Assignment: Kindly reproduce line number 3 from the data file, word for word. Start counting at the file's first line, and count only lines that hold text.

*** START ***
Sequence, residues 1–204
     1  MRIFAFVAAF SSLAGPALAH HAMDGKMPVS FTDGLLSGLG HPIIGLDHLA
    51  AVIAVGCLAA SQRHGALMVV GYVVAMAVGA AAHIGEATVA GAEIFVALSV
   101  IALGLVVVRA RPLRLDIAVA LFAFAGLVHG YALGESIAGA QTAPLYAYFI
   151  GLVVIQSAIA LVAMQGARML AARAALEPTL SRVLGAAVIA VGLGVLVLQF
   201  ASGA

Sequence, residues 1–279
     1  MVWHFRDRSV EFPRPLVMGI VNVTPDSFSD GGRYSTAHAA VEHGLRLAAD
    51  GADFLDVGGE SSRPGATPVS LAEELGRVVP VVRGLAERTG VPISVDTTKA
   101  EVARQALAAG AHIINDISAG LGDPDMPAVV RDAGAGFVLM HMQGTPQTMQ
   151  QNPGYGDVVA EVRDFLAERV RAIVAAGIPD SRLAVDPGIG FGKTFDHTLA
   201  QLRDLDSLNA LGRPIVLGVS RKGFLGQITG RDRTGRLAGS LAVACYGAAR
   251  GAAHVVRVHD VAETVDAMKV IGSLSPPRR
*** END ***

    51  AVIAVGCLAA SQRHGALMVV GYVVAMAVGA AAHIGEATVA GAEIFVALSV